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Lean Writer, Fat Word Count? Engineering Your Environment for Default Success

fruit [1]It is a truth universally acknowledged that a writer in possession of a good premise must be in want of a functioning brain with which to execute it. Said brain is best nourished by blood pumped by a healthy heart contained within a healthy body, yes? Unfortunately, we Westerners live in an environment which discourages activity and encourages overeating. Indeed, some have gone so far as it label it “toxic”. The result? More than 70% of us are losing the battle to stay trim and fit.

On WU we’ve had several conversations about staying active and reducing sitting time. (Don’t Take Author Obesity Sitting Down [2] and Becoming a Stand-up Writer [3].) That’s excellent. Unfortunately, it’s also insufficient. It takes me 15 minutes to consume a grande Carmel Macchiato with soy milk, but 1 hour and 10 minutes of brisk walking to work it off.

In the hierarchy of lifestyle medicine, this is why diet is proclaimed king to exercise’s queen.

Hope for Science-based, Simple Solutions

We all know that diets don’t work. We can talk about the science of this in another post, but willpower is a finite and easily exhausted resource. Turns out it takes as little as 15 minutes of mental effort to diminish the brain’s supply of glucose, thus undermining the part of the brain which weighs the desires of our future self against the present-day temptation.

Nor does it help to frame food choices as a moral decision (i.e. apples = good, chocolate bars = bad). If we do, it’s not long before we:

1) brew an outright home-grown rebellion or
2) deal with the Healthy Halo Effect—having made the morally superior choice to eat a salad, we feel entitled to eat the burger and cookie, thus consuming more calories than we would have otherwise done, all while living in denial about the outcome.

So if white-knuckling doesn’t work, and morality-based decisions backfire, what can move us forward?

If only it was possible to tweak our environment so that healthful food choices could be made by default. If only there was a research team dedicated to disseminating science-based recommendations on how to mindlessly reduce caloric intake on an incremental basis.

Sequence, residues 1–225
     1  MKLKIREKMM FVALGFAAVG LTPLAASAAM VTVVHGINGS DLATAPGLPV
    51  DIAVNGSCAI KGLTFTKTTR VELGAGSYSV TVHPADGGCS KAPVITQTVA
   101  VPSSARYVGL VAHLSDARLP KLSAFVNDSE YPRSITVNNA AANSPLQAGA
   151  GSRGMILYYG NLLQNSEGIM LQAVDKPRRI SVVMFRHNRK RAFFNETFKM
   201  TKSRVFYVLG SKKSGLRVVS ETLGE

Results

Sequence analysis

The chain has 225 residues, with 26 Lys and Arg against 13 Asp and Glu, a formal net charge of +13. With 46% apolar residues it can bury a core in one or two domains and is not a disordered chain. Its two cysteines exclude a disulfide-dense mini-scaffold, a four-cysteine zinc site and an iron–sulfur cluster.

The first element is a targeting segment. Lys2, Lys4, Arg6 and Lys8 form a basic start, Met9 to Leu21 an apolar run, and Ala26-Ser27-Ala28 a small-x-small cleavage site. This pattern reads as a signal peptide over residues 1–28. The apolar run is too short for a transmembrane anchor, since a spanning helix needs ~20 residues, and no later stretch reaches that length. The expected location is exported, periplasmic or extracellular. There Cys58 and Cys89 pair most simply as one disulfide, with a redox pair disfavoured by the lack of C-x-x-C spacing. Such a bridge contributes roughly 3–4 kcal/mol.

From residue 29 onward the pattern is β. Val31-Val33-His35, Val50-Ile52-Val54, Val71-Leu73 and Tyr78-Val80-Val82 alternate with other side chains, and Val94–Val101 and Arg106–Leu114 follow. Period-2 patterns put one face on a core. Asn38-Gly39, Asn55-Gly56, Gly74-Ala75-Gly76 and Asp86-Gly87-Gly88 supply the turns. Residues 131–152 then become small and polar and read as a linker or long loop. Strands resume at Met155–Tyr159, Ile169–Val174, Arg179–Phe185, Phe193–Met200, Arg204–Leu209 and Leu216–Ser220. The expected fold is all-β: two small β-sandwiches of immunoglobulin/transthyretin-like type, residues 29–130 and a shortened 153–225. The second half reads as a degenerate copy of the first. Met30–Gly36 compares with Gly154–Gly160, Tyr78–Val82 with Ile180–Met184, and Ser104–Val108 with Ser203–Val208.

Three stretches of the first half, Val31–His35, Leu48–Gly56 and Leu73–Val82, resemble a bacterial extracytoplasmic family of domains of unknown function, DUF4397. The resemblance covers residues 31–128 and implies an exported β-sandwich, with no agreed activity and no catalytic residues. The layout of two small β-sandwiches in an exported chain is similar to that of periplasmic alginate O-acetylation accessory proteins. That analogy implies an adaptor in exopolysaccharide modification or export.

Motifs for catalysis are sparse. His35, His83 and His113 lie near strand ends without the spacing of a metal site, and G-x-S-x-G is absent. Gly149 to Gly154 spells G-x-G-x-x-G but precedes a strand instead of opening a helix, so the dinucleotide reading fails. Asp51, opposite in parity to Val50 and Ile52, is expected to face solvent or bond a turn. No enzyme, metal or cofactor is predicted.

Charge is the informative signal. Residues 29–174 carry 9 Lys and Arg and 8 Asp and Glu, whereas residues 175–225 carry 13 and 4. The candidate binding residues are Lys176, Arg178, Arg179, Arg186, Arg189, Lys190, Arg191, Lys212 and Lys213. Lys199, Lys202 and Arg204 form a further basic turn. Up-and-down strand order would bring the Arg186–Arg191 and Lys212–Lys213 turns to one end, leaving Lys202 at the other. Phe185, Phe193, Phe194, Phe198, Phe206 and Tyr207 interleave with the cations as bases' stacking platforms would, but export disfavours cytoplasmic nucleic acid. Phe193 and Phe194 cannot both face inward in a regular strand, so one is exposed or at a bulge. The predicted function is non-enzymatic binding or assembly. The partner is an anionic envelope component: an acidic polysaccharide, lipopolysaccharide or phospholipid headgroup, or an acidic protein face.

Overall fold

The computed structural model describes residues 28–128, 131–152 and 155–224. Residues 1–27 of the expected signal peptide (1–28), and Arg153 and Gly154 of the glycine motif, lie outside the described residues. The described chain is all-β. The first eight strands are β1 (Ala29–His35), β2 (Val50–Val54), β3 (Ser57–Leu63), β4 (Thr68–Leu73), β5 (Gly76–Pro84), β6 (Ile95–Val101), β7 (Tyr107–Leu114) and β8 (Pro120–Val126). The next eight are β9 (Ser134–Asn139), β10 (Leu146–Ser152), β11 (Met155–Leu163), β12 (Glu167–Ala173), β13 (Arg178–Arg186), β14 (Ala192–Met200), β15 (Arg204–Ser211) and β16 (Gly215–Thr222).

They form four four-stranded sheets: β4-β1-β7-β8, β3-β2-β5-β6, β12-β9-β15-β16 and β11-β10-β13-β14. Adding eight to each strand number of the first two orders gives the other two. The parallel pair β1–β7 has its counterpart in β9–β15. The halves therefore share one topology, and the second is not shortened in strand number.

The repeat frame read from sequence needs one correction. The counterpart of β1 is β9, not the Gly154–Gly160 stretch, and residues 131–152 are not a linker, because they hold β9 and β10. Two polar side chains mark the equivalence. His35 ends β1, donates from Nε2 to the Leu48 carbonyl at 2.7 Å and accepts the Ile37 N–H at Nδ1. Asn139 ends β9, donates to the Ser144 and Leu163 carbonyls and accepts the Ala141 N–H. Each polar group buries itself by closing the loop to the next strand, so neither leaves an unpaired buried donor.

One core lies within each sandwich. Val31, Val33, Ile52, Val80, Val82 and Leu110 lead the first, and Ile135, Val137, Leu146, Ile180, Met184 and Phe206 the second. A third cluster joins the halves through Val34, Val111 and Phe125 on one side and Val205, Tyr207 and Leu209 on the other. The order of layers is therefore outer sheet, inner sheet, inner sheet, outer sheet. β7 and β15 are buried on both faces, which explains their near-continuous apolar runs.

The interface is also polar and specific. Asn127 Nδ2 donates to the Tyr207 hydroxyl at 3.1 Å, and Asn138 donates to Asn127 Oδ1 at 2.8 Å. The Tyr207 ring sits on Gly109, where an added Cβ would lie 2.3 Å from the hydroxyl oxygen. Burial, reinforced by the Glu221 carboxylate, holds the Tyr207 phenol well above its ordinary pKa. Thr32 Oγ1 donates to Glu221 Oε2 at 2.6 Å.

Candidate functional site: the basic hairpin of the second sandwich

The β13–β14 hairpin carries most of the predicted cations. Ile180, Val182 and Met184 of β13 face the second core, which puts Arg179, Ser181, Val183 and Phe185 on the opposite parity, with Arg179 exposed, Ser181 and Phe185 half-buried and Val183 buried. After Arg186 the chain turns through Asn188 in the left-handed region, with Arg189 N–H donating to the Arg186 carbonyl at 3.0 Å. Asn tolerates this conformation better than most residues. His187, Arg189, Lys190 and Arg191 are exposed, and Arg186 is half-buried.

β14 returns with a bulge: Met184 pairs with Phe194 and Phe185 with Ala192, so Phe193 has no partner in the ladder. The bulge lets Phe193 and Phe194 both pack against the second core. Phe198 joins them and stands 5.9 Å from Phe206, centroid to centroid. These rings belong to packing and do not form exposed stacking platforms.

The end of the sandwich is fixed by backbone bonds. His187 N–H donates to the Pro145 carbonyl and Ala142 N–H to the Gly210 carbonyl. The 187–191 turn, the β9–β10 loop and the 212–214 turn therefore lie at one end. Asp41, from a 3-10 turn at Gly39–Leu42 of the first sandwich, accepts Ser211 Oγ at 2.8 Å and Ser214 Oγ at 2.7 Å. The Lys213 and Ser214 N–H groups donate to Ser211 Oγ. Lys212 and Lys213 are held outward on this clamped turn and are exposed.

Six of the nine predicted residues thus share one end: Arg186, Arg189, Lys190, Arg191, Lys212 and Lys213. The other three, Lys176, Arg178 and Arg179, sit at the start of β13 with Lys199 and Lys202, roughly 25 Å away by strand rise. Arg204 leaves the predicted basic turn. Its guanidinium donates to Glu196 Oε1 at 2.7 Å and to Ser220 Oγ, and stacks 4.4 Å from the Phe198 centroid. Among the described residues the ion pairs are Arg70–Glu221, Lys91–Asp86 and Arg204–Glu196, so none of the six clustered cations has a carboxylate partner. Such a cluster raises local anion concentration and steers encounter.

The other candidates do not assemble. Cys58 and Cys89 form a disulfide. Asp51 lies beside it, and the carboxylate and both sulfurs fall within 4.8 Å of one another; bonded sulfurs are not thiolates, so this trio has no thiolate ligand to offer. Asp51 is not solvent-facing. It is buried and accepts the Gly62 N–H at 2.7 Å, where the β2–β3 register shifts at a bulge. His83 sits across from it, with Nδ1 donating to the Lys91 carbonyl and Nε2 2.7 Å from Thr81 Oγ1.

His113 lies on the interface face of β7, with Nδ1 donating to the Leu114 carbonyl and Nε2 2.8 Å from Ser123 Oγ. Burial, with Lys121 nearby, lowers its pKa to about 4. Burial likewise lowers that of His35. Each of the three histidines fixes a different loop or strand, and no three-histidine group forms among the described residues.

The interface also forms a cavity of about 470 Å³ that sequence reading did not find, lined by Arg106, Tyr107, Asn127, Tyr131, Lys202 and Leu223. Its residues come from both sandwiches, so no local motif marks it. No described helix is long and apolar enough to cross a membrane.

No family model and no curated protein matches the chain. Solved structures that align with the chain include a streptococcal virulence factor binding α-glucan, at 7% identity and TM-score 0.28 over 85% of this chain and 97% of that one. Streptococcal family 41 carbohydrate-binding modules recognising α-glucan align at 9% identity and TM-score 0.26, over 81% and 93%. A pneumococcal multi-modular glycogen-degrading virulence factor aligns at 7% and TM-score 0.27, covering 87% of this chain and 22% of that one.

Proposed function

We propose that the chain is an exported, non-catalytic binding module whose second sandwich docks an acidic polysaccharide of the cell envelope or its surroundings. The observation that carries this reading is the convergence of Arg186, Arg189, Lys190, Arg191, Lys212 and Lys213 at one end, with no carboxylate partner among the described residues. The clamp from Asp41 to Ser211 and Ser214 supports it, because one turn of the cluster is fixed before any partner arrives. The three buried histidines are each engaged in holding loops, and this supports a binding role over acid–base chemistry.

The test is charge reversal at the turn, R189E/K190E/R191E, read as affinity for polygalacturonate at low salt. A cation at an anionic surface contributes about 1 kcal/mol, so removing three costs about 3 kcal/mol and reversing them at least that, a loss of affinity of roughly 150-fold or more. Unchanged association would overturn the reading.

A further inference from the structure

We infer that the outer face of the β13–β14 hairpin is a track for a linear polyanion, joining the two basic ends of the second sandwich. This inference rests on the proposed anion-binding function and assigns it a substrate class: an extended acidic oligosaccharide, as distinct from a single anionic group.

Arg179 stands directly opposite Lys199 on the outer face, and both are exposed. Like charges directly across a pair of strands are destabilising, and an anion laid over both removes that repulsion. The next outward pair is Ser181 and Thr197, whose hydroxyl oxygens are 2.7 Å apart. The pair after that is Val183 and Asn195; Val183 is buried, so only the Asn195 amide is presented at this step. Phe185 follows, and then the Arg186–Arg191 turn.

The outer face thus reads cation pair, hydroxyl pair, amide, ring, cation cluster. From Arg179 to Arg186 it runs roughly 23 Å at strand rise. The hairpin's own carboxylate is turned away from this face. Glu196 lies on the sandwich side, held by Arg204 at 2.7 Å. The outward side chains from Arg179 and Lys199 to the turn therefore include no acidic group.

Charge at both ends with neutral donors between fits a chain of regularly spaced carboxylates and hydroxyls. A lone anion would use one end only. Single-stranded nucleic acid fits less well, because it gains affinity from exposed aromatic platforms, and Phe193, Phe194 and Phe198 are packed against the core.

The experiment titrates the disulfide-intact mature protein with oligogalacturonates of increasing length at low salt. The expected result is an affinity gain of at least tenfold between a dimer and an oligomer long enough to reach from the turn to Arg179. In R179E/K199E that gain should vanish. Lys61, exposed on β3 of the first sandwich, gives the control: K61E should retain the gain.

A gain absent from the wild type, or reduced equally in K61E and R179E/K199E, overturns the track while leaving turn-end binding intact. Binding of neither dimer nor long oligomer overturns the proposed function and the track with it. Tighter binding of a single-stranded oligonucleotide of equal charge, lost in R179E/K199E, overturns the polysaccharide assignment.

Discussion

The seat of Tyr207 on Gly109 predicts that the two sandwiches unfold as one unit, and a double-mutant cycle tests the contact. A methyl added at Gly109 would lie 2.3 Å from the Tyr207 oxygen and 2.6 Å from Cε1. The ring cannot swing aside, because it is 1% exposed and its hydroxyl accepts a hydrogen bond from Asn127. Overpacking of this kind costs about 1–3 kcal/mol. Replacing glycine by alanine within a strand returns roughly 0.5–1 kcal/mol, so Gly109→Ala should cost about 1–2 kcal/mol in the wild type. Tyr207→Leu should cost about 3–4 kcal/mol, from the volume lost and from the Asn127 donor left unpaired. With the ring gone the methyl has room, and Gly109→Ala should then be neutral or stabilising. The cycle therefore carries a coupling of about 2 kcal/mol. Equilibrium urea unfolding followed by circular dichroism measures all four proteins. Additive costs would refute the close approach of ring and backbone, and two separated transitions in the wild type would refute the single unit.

Happily, there is such a group. But before we pay them a quick visit, care to take a brief quiz on your food-environment literacy?

Pretest

  1. The maximum size of my dinner plate should be ___ inches.
  2. Assuming two glasses have the same volumetric capacity, which shape encourages me to pour less liquid: short and wide, or tall and skinny?
  3. What object should be given a prominent place on my kitchen counter?
  4. True or false: When asked to estimate the calories contained within a specific meal, heavy participants are less accurate than their skinnier counterparts?
  5. In a kitchen designed to facilitate slimness, the freezer will be in which position on the fridge: top, side, or bottom?
  6. My fridge should contain no more than ___  juices or soft drinks (diet or regular) or energy drinks in single-serving containers.
  7. On average we control what percent of our family’s nutrition?
  8. What item should be placed in the front center of a breakfast cupboard?
  9. True or false: When it comes to measuring out food portions, food researchers and professional cooks—the experts—are able to compensate for cues like bowl size, spoon size, etc.

What Is in the Drinking Water of Upstate New York?

Tucked into the small town of Ithaca, New York, population 110,000, lies Cornell University. It houses not one but two food research giants.

The first I’ll mention only briefly. For the science behind what to put on your appropriately-sized plate, read The China Study [4], by Thomas Campbell & T. Colin Campbell, Ph.D. It’s the largest study ever conducted on the relationship between food and health. (Hint: the science points clearly to the benefits of a whole-foods plant-based diet.) Or check out Campbell’s website, Nutrition Studies [5].